Most books that teach the basics of evolutionary biology are fairly genteel in their treatment of creationism—they don’t endorse it, of course, but they either ignore it, or more frequently now, they segregate off a chapter to deal with the major claims. There are also whole books dedicated to combating creationist myths, of course, but they’re not usually the kind of book you pick up to get a tutorial in basic biology. In my hands I have an example of a book that does both, using the errors of creationism heavily to help explain and contrast the principles of evolutionary biology—it’s fascinating. This is what we should do if we were to “teach the controversy” in the classroom; it’s not what the other side wants, because teaching it honestly would mean the creationists would be the comic relief and endless whipping boy of the course, as they should be.
The book is The Science of Evolution and the Myth of Creationism(amzn/b&n/abe/pwll) by Ardea Skybreak. It’s very good, but right up front I’ll mention its flaw, and one reason few scientists write books from this perspective: the frequent comparisons with creationism mean we’re also hoping the book will someday be hopelessly obsolete, if ever we can get those myths treated like the jokes they are. Scientists who are not engaged in the culture war are going to regard the book rather quizzically, since it does raise up nonsensical issues frequently; it really requires a peculiarly modern American context to make it all work. It’s one of those books that, the more it is read, the less relevant its approach would become.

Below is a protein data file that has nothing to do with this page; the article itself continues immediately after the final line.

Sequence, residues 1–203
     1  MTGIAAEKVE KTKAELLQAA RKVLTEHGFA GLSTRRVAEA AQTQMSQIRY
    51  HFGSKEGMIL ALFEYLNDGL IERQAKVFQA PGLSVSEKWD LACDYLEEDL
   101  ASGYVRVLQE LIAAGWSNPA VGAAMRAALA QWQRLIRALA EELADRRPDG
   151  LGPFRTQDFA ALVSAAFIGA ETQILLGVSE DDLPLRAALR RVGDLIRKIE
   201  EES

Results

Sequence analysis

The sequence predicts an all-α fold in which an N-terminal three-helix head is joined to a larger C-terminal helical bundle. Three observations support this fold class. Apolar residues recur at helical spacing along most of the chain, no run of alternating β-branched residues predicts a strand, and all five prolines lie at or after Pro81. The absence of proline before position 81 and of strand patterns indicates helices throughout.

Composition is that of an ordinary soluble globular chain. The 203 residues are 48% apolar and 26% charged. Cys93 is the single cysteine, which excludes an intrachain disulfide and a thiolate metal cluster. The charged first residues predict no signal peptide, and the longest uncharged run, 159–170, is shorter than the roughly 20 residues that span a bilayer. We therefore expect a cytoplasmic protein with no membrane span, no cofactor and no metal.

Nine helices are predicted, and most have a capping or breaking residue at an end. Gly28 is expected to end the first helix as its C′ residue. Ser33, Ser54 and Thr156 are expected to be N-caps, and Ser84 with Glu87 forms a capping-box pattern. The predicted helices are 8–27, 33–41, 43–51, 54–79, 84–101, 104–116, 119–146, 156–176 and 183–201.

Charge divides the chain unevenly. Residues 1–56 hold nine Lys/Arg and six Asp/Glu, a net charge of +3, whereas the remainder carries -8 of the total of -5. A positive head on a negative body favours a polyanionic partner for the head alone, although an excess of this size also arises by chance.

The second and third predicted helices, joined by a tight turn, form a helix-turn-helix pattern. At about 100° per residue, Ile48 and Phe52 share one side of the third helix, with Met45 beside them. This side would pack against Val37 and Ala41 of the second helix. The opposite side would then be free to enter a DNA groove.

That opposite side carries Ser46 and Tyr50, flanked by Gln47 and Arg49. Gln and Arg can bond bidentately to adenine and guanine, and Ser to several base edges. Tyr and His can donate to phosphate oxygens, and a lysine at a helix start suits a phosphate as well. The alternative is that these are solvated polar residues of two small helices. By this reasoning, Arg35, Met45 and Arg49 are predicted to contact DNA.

But it does work in that context. Skybreak covers all the key concepts, but does so in a passionate, refreshingly aggressive way. She doesn’t hesitate to call a stupid idea stupid, and back up the charge with the evidence. If your interest in evolution isn’t simply academic, this is an excellent book to simultaneously inform and instruct, and supply the reasoning to deal with creationist foolishness. It’s also refreshing to see a book that isn’t timid about pointing out that fundamentalist religion is the source of the problem, and that isn’t afraid of offending creationists. It makes for an invigorating read, and I recommend it highly.
It’s not too late to order it for Christmas! It’s perfect for that person who wants to learn some solid biology, but also wants to be an activist for good science.
I do feel obligated to mention one thing that didn’t disturb me at all, but some readers might be concerned about. The book began as a series of articles in The Revolutionary Worker. There are a few hints of sympathy for socialist ideals in a few of the sidebars and endnotes, a sympathy I share (perhaps with significant reservations not held by the author), but otherwise, this is not an ideological work. Read it for the good science and the healthy slams against creationism without reservations about the source.